When the founding fathers wrote the constitution in the 18th century, they never intended to make women and black slaves equal members of the new nation. This racist and discriminatory history disqualifies the United States from being a democracy. At the time, only white males were seen as the rightful citizens of the country. In the coming years, the passing of the Fourteenth, Fifteenth, Nineteenth, Twenty-Fourth, and Twenty-Sixth Amendments secured the rights of all people born in the US as citizens, allowing them the rights and privileges that came with citizenship (Perea 13). However, today, minorities in the country still face racial discrimination. Georgia’s new voting laws, the Election Integrity Act, are seen as targeting voters of color to make voting harder for them. The Republican Party lost the state in the 2020 election largely due to minority groups who voted Democrat. The Republicans seek to make voting harder with measures such as fewer drop-boxes, strict voter ID laws, and making voting more cumbersome in highly populated areas traditionally occupied by African-Americans. When the voting laws keep targeting a minority group, there is no way that the US is a democracy.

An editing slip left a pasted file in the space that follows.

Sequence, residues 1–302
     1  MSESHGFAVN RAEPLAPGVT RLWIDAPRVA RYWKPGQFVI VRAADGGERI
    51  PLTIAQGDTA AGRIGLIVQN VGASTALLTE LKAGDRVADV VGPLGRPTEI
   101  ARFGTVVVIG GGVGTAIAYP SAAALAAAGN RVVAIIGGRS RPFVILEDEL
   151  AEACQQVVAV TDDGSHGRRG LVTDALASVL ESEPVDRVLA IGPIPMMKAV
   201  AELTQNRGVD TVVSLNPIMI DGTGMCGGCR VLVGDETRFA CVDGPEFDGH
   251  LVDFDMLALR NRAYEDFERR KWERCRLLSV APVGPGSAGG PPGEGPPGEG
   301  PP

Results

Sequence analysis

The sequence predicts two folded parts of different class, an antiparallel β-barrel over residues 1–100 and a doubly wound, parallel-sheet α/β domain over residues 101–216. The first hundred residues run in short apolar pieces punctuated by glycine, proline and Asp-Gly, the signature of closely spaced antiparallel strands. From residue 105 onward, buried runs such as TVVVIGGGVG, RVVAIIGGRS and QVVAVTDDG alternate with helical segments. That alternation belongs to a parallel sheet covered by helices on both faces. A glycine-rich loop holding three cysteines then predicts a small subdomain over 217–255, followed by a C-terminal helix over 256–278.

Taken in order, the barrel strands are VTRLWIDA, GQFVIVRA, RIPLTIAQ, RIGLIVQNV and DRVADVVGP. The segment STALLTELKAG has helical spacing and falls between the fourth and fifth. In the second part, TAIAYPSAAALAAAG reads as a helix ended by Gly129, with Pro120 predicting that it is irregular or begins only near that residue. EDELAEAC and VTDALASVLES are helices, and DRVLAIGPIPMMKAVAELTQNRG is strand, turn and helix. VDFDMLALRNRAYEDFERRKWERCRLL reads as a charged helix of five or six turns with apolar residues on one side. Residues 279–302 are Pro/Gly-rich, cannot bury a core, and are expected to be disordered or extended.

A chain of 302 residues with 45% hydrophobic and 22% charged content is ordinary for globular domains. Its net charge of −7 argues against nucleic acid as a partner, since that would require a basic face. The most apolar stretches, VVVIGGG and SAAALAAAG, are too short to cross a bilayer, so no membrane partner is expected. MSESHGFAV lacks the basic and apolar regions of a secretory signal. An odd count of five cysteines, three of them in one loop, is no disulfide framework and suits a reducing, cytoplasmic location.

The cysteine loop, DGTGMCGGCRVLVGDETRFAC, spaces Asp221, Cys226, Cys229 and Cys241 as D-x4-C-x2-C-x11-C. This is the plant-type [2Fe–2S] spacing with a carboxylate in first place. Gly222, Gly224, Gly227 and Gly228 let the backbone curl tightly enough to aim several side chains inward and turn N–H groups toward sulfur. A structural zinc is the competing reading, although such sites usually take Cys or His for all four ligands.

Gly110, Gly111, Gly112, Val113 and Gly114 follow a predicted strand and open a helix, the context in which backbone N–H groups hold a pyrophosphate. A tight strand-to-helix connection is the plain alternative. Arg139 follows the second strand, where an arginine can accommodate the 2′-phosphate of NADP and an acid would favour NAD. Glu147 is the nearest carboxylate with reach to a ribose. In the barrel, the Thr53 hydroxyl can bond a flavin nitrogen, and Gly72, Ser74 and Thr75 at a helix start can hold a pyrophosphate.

In summary, although many people would define the United States as a democracy, multiple points dispute this idea. These include the Electoral College, the intentions of the founding fathers, the discriminatory history of the country, and the definition of the terms republic vs. democracy. The US usually takes much interest in other countries’ political affairs, especially in countries it deems undemocratic. However, given the US’ history and recent events, the country is no longer a model for democracy. The country should work towards equality and fairness in government rather than the oppressive direction the country has taken in recent years.

Works Cited

Lieberman, Robert C., et al. “The Trump presidency and American democracy: a historical and comparative analysis.” Perspectives on Politics 17.2 (2019): 470-479.

Perea, Juan F. “Echoes of Slavery II: How Slavery’s Legacy Distorts Democracy.” UCDL Rev. 51 (2017): 1081.

Sides, John, Michael Tesler, and Lynn Vavreck. “The 2016 US election: How Trump lost and won.” Journal of Democracy 28.2 (2017): 34-44.